explore growing, observe

The space in between

Years ago, my sister introduced my to the concept of ‘negative space’. Really hard to grasp this art talk at the time, as I thought how can any space be negative if you know it’s there ? Little did I realise then how important this concept really is.

In our daily lives, I think of it as ‘breathing space’,  this space in between is imperative to our daily ways. There is a pause in between doing – think of it as an exhale in between all  the activies in constant motion.


When you feel like you’re in perpetual motion, it’s tricky to see what direction you’re travelling in. You need to pause and check for markers now and again, landmarks to give us some direction.

It’s true in business and personal life. My in between space is reading. And walking. And soon again it will be drawing.  Today it was having a chat with a friend I haven’t seen for ages & random gifting to a new friend. These are little acts that I find joy in and help add context to the bigger picture.

So easy to get caught up in our little bubbles, remember to cut yourself some slack every now and again, admire the fleeting cherry blossoms,  the days warming up, where the sun is at and go for a walk.


spring, start a garden, Uncategorized


Spring has just made itself feel blatantly apparent – by having summer jump up today. You never know exactly what you’re in for during spring. So far we’ve had wind, sunshine, days of eternal optimism, moments of wondering how it all fits together and many many occasions of feeling so incredibly lucky to be right here right now.

Plenty of workshops on the grow…

Loads of lovely feedback from people just wanting to get the basics on how to get started on the edible garden adventure. We’re doing plenty of trials ourselves – seeing what works direct sown and what we can start indoors. Patience is key and a skill to be learnt !


Thank you Kelly for this gorgeous shot – I’d like to think this is how gardening always is, there’s certainly a whole lot of just getting stuck in.

Look after your soil and it will look after you. Don’t forget to stay hydrated and the garden too – very tricky to grow with out water!

community, observe, spring

Makes me smile

It’s all the little things.

These are in no particular order…..

When someone doing great work is happy to share their experiences with you (thanks to super mentor market gardeners Cal at Green Connect & Lizzie of Piccolo Farm ), when you go into a volunteer in a school garden with a loose plan – you end up with 48 students instead of the regular 24 and everyone has a great time – including the volunteer. (Also stoked with our newly arrived veg garden mascot – miraculously ‘appreared’ one day)

When your remarkable partner helps solve your irrigation issues because he understands you can’t be good at all the stuff all the time and brings home a second hand tank still smiling himself after a very long day, ’cause he knows how important it is to you. (And hooks it up the following day)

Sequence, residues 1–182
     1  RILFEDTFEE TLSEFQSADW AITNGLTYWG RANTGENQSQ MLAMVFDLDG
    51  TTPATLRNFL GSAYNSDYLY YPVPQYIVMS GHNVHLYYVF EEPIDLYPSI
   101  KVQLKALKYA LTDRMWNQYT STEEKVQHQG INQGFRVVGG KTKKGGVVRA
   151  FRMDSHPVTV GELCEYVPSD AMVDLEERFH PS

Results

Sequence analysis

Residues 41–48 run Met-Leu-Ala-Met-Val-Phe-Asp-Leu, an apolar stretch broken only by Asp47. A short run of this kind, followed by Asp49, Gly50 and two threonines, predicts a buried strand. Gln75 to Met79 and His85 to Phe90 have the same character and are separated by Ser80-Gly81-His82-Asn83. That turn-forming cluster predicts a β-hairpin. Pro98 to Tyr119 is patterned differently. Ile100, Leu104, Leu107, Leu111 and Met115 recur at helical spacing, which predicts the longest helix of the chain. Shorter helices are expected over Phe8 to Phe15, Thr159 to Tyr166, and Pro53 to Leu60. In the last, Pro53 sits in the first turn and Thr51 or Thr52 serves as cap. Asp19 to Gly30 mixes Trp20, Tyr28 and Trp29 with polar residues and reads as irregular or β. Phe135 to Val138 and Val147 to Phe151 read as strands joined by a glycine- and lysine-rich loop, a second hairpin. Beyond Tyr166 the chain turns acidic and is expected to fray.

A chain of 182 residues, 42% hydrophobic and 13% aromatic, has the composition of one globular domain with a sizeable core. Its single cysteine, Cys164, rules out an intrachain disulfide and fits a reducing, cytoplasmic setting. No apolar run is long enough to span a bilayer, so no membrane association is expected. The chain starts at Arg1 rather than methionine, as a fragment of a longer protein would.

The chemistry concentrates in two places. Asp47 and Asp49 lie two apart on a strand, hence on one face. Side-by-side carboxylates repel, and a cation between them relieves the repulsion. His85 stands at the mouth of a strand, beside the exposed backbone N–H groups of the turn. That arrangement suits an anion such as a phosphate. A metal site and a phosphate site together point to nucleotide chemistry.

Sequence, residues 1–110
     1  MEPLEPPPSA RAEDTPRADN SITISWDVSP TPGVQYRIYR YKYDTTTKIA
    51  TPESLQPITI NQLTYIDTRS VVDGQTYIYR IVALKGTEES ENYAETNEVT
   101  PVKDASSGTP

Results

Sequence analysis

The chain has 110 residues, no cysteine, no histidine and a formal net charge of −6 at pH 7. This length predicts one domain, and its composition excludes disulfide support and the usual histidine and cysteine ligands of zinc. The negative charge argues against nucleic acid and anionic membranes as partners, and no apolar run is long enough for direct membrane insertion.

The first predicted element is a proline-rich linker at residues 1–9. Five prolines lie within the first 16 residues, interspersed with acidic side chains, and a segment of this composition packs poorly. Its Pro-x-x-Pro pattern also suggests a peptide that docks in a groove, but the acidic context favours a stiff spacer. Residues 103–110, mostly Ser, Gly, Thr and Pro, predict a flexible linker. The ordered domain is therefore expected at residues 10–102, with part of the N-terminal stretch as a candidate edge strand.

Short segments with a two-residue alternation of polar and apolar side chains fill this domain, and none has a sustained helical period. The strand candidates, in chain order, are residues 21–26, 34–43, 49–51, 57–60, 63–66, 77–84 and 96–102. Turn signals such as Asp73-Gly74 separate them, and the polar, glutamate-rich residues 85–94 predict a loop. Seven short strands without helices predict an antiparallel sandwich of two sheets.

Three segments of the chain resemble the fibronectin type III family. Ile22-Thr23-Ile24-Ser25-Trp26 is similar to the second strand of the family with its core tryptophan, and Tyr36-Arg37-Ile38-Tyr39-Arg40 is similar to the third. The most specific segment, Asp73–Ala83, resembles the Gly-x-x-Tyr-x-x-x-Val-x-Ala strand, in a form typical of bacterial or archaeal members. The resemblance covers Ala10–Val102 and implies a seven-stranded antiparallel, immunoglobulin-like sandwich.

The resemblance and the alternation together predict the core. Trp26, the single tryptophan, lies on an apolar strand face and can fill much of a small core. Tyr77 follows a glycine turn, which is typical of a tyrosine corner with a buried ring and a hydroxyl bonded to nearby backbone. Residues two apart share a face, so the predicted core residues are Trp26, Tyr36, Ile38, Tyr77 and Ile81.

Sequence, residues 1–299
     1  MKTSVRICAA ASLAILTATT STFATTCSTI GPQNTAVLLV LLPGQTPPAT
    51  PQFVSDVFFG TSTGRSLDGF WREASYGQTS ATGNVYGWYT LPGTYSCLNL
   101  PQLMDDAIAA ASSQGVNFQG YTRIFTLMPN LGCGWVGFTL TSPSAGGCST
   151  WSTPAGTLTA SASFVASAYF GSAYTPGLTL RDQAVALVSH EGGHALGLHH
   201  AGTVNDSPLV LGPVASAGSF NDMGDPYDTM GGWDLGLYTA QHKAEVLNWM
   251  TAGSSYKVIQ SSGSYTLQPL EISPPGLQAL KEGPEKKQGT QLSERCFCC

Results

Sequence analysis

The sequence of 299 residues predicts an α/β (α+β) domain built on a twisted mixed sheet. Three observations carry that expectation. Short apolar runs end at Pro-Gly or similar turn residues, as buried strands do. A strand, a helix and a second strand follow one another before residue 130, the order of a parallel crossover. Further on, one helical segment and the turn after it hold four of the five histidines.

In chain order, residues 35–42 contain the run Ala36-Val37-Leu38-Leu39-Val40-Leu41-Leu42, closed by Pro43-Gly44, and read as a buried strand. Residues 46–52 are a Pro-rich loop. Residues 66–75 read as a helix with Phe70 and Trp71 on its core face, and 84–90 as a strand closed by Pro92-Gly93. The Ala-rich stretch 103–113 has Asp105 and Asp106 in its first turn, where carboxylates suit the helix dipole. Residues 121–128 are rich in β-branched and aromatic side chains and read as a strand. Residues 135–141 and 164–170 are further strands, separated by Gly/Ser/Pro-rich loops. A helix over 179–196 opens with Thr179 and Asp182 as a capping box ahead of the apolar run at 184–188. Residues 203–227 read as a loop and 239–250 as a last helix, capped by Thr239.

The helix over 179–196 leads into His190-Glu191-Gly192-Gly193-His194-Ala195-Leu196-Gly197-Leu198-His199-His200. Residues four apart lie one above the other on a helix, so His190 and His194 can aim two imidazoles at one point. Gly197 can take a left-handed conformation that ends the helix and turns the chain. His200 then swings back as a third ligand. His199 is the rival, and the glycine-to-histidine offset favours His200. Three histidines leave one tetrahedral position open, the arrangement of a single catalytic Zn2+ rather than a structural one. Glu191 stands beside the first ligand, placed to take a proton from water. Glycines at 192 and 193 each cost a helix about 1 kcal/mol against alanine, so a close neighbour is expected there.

It makes me smile when you receive an email showing interest in your enterprise, to find out someone you admire in business has recommended you. (Thank you Ciara at Earthwalker & Co !)

Having enough time and space to share around with the neighbours. (working out where our neighbour will plant chillis and corn this summer)

Being curious enough and brave enough to ask people questions and their opinions when you don’t have the answers yourself.

Variety outside. Being outside. And being barefoot outside. Simple and effective.

Seeing kids impressed and fascinated by checking out the school garden compost worms without squealing.

Having so many ideas you don’t know which way to look, so you just start and it starts working out.

The generosity of people, wanting to be involved and offering their time. (Spring into Action volutneers – you all rock !)


So much goodness – it’s all that interconnectedness, collaboration not competition, that keeps our world spinning. Enjoy.

biodiversity in the garden, explore growing, produce, salad days

Salad days

Last day of winter, and there’s markers of the seasonal change all around.last day of winter

Brassicas (broccoli here) flower merrily, days are longer minute by minute, grass is growing a little quicker. Rainbow colours planted to stir fry, salads in next level for diversity, grab & go meals, shallots for skinny places….

The tip of this garden gets the most sun, so quick greens were planted. As days grow longer, the other planting will catch up. It’s all a bit of a dance, weaving time, space, light and flavours.

Have you ever tried broccoli leaves ? They were my go to green last night – cut the stem out, chop & pan fry – remarkably yummo !

Going for garden domination on the right there is our beloved rhubarb. Originally divided from the school garden, this one can have it’s roots traces back at least 35 years.

The possibility of small spaces requires a firstly a little imagination and observation – good strong starting blocks. What do you want to pop into your salad bowl ? What can you start from seed ? What do you let flower ? Can you eat the flower and which ones do the bees love ? What to snack on as you check the pulse of the outdoors ?

Time to explore and have fun.